The Vauxhall Insignia is no more, in the UK at least. Vauxhall has announced new orders will no longer be taken, although production will continue until autumn 2022 in order to satisfy the existing orders.
The popularity of the SUV has killed-off cars like these, and alongside the recently departed Ford Mondeo, the Insignia is the latest to disappear from the new car listings. So let’s take a look back at how we got here.
Cavalier Mk 1 – 1975 to 1981
With models like the Ford Cortina selling like hot cakes it was inevitable that Vauxhall would want a piece of the action, and their answer was the Cavalier. Launched in 1975 and essentially a lightly re-worked Opel Ascona, it offered everything the family motorist could need from a comfortable and roomy cabin to a wide range of engines and trims. The top-spec GLS was pleasingly plush and while the smallest 1.3-litre engine was a bit sluggish the larger units were capable performers. Around 250,000 were made, and those after a bit more style could opt for the sleeker Sports Hatch instead.
Cavalier Mk 2 – 1981 to 1988
By 1981 it was all change with a second generation model that switched to the more modern front-wheel drive layout. Unlike the first Cavalier this one could be had in saloon, hatchback and estate forms and there was even a convertible. Trim levels ranged from the lowly L to the posh CD, but for proper bragging rights only the sporting SRi would do; with up to 130bhp it was properly quick for its day and envious neighbours would have noted the spoilers and snazzy alloy wheels. A body kit and high specification marked out the final Calibre model before the Mk 2 bowed out.
Cavalier Mk 3 – 1988 to 1995
This was the last model to carry the Cavalier badge, and while it wasn’t a major departure from the previous generation there was still plenty to like. The softer styling looked good, plus the new model was more comfortable and refined with interior quality that had taken a step up. New engines arrived, too, including a smooth V6 but for those that wanted to mix family duties with B-road entertainment the four-wheel drive Turbo boasted storming performance. Success in touring car racing added a bit of lustre as well, with John Cleland taking the BTCC title in 1995.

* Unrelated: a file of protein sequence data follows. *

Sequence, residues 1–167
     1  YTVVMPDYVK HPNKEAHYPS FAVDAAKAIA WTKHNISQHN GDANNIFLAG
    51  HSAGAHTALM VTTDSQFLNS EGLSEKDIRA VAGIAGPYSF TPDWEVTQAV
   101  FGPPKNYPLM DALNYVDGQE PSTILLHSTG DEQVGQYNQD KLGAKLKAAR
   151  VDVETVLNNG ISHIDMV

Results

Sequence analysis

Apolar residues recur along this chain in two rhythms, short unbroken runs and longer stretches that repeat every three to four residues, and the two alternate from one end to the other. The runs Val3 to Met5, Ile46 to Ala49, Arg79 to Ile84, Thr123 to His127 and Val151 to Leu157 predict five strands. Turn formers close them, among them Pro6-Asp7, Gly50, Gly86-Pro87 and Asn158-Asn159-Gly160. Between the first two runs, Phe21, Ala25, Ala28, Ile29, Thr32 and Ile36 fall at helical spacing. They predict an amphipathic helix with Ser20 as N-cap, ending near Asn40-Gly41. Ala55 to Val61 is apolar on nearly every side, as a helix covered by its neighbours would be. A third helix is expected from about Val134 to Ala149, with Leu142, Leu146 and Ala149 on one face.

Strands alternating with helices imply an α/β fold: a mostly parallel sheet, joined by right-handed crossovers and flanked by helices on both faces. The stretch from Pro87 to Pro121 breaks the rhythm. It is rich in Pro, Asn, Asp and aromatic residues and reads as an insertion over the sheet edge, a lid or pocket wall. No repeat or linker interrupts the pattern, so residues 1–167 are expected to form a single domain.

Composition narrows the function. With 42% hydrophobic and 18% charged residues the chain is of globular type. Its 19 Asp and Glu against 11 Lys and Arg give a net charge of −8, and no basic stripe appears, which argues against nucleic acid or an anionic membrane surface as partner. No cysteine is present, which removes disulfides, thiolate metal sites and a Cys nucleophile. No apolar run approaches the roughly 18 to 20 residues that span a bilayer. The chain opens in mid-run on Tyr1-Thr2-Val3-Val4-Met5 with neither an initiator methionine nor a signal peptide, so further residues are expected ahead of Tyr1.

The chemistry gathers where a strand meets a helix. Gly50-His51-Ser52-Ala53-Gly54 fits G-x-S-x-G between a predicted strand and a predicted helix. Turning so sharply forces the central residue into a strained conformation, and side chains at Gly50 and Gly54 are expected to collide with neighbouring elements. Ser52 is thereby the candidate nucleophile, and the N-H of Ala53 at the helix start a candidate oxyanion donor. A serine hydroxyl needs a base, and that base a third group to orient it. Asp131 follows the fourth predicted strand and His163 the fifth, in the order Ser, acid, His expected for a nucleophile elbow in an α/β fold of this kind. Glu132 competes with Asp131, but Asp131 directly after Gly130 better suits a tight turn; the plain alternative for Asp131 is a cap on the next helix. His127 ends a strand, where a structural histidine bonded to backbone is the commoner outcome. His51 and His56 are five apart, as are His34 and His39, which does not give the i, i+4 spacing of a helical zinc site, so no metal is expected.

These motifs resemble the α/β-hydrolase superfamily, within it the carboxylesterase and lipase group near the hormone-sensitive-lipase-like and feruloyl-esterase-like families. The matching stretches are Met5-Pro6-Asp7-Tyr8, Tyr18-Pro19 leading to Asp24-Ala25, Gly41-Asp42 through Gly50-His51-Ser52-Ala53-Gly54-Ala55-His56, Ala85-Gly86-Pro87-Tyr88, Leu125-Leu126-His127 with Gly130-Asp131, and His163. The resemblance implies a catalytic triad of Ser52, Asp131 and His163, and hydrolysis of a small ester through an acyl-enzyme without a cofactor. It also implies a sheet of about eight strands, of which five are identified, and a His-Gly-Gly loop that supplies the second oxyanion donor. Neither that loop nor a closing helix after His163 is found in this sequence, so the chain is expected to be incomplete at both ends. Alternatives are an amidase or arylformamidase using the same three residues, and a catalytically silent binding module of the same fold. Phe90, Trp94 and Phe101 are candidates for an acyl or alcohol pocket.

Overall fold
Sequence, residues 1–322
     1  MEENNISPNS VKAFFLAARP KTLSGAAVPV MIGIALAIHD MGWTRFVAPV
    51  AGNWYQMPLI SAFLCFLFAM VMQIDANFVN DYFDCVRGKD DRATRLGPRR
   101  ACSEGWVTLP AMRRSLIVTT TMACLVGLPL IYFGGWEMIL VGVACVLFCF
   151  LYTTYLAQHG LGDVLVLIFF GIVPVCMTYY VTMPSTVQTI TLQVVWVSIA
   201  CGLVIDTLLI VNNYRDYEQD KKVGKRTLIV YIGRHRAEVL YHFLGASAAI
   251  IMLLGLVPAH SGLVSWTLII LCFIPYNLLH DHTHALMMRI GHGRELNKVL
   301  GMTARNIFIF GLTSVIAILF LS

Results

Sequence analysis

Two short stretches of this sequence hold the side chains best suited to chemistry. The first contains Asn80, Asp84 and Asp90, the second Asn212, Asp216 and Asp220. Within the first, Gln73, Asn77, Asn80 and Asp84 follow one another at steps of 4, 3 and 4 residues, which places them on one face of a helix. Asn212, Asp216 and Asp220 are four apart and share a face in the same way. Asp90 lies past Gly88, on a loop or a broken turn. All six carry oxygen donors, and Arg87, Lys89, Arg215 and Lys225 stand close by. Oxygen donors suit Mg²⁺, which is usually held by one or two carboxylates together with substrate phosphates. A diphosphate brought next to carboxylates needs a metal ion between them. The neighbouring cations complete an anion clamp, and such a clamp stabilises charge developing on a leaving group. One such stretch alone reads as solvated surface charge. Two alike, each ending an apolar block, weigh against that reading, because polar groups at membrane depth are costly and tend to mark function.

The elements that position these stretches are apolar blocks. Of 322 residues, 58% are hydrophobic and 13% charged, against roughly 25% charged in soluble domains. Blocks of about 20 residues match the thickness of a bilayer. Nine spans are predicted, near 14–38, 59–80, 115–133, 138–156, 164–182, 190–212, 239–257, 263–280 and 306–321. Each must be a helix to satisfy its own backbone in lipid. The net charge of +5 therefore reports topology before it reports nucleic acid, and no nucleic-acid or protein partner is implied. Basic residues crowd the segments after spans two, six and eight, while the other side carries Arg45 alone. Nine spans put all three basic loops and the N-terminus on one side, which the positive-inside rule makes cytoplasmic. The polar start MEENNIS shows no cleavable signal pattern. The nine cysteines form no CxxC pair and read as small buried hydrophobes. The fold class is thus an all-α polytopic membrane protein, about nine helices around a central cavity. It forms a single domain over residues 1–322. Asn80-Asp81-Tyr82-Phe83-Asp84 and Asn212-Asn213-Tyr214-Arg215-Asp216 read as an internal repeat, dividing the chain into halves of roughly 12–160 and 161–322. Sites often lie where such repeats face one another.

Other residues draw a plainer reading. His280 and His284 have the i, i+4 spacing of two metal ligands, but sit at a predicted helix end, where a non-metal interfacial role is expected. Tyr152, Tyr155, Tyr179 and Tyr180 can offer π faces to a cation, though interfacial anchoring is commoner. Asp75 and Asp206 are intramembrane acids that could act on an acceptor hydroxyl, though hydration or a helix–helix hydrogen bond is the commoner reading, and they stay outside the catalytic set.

Vectra B – 1995 to 2002
Launched at the 1995 Frankfurt Motor Show, Vauxhall’s rival for the capable Ford Mondeo had a new name. The recipe was sound enough with a choice of body styles and a wide range of engines, but things took a knock thanks to a somewhat infamous review by Jeremy Clarkson. Vauxhall weren’t best pleased, as you might imagine. Still, if you ignored his theatrics you’d have discovered a decently capable family car that swallowed motorway miles with ease, and there was always the hot GSi model if you wanted to add a bit more excitement to the daily commute.
Vectra C – 2002 to 2008
There was a new ‘Epsilon’ platform for the replacement that made its debut at the 2002 Geneva Motor Show, along with sharper styling and more interior space. It felt like a more grown-up proposition compared to its predecessor, and those after a comfortable and well-equipped family wagon could have had few complaints. Especially if the budget stretched to the smooth and punchy V6 engine. Admittedly, the cooking versions weren’t all that exciting to drive but the VXR was a different matter entirely; alongside more aggressive looks there was a turbocharged V6 engine that made 252bhp for genuine 150mph performance.
Insignia – 2008 to 2017
Now there was another new name for Vauxhall’s contender in the family car segment, not to mention an entirely new look. Spacious, comfortable and good to drive the Insignia was a real step forward which explains why you see so many on the road today. If you needed to munch motorway miles it was more than capable, and there was a trim level and engine to suit most needs and a budgets. Ubiquitous, yes, but with good reason. And the VXR was back, too, this time boasting 321bhp and an adaptive four-wheel drive that meant 0-62mph in 6.2 seconds.
Insignia – 2017 to 2022
We’ve arrived at the end of the line, and even in 2017 you could see the writing was on the wall for cars such as these. It’s a shame really as the latest Insignia was a good-looking thing that boasted plenty of space, comfort and equipment. It could be had as a hatchback or Sports Tourer estate, while a strong range of engines included a turbocharged 1.5-litre three-cylinder unit that made a decent fist of hauling the big family wagon along. But with everyone wanting SUVs it couldn’t last. Word is that the name might return to the UK in a few years as, yep, an electrified SUV.
Find more info:
Join the club:
If you found this article of interest, you may also enjoy…